Even then, cutting-edge tech doesn’t guarantee the final product is going to become revolutionary. The Hobbit: An Unexpected Journey was the first major film to release in theaters shot in 48 frames per second, but that didn’t notably boost its box office. In fact, that was one of the elements most filmgoers criticized, as it’s easier to tell the fakeness of what’s on screen. Tech doesn’t sell movies; good movies sell movies. If the experience is something that you need to see, then word of mouth will make audiences flock to the theaters, as was the case with the original Avatar.
Cameron and his crew at 20th Century Studios aren’t marketing Avatar: The Way of Water on its technical achievements. They’re marketing it as a sequel to Avatar, which may or may not pay off. The original film has a devout fanbase, and it’s probably safe to say that there’s a contingency of people that are nostalgic for the world it created. But if the studio is expecting that will be enough to generate revenue to justify further sequels and get close to the amount its predecessor made, that may be a mistake. Just because something is associated with a popular franchise doesn’t mean it’s going to automatically make money hand over fist, something Warner Bros. is currently finding out with its Fantastic Beasts franchise.
The cinematic landscape is different today than it was a decade ago. Back then, cinemas were king and Avatar was something that audiences were starving to see. It had been years since there was a multi-million dollar sci-fi epic with special effects that could only be dreamed of. Cameron himself pioneered those types of movies with The Terminator and Aliens.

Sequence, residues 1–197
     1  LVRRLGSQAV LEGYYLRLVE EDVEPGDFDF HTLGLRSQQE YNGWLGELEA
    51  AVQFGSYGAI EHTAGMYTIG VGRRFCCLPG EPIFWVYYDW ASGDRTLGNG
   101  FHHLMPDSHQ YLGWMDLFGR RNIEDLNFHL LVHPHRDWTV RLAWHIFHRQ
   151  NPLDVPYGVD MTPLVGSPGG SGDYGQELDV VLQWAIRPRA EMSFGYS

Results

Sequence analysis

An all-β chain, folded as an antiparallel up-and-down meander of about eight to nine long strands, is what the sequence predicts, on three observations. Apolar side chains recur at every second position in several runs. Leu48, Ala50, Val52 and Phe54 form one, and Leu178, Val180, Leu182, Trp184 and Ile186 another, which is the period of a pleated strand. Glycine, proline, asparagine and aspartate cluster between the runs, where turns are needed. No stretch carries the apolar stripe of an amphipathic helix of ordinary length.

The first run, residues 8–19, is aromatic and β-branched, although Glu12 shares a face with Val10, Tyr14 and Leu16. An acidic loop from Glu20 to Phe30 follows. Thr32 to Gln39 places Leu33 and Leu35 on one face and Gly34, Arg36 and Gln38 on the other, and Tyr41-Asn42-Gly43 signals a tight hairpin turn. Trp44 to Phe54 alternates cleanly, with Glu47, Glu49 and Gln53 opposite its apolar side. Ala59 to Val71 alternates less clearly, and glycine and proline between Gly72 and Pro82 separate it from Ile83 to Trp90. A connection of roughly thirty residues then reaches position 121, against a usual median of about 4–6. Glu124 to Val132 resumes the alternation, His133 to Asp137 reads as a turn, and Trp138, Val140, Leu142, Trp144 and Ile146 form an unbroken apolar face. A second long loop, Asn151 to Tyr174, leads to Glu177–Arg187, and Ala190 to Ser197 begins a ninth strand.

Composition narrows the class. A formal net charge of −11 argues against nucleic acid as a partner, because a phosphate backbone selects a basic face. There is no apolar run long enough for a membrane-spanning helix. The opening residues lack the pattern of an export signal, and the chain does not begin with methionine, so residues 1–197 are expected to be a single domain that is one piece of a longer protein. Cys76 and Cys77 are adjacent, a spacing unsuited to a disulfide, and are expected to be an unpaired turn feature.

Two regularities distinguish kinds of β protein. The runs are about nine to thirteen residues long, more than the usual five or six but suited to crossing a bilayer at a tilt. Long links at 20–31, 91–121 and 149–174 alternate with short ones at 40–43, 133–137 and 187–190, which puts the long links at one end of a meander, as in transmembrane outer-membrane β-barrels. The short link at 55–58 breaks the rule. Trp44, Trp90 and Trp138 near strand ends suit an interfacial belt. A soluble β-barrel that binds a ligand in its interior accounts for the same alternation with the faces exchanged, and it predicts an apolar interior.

But now, Avatar: The Way of Water doesn’t feel special. Marvel is the biggest game in town, and all of its films are multi-million-dollar sci-fi epics with special effects that continually impress audiences. Avatar used to be one of the most expensive movies ever made, but now more than a dozen movies have surged past it.
Then there’s just the environment itself. Like it or not, streaming is the way to go now, with the theatrical run getting smaller and smaller to rush films onto streaming services. Ticket sales are down from where they were back then, partly due to the advent of streaming services, but also due to the COVID-19 pandemic crippling the theater industry. Your tentpole blockbusters are still garnering huge numbers, but those have generated a cult of FOMO that basically demands you see it release day or else risk spoilers or the stigma of not being a true fan. Avatar is not a franchise that can command such a presence, especially after a decade of people clarifying if you’re talking about the series with the Airbenders or the one with the blue people when you bring it up.
Then again, history may be ready to repeat itself. People underestimated Avatar back in 2009, unsure that it would even be a hit at the box office, only to end up being proved completely wrong. That could very well happen here. Maybe all of the trailer hits will convert into ticket sales, or audiences will be moved by the aquatic cinematography and flock to theaters again to see it. But it all seems a little too idealistic to me. The reality is that James Cameron may have an uphill battle if he really wants all those additional sequels to be made.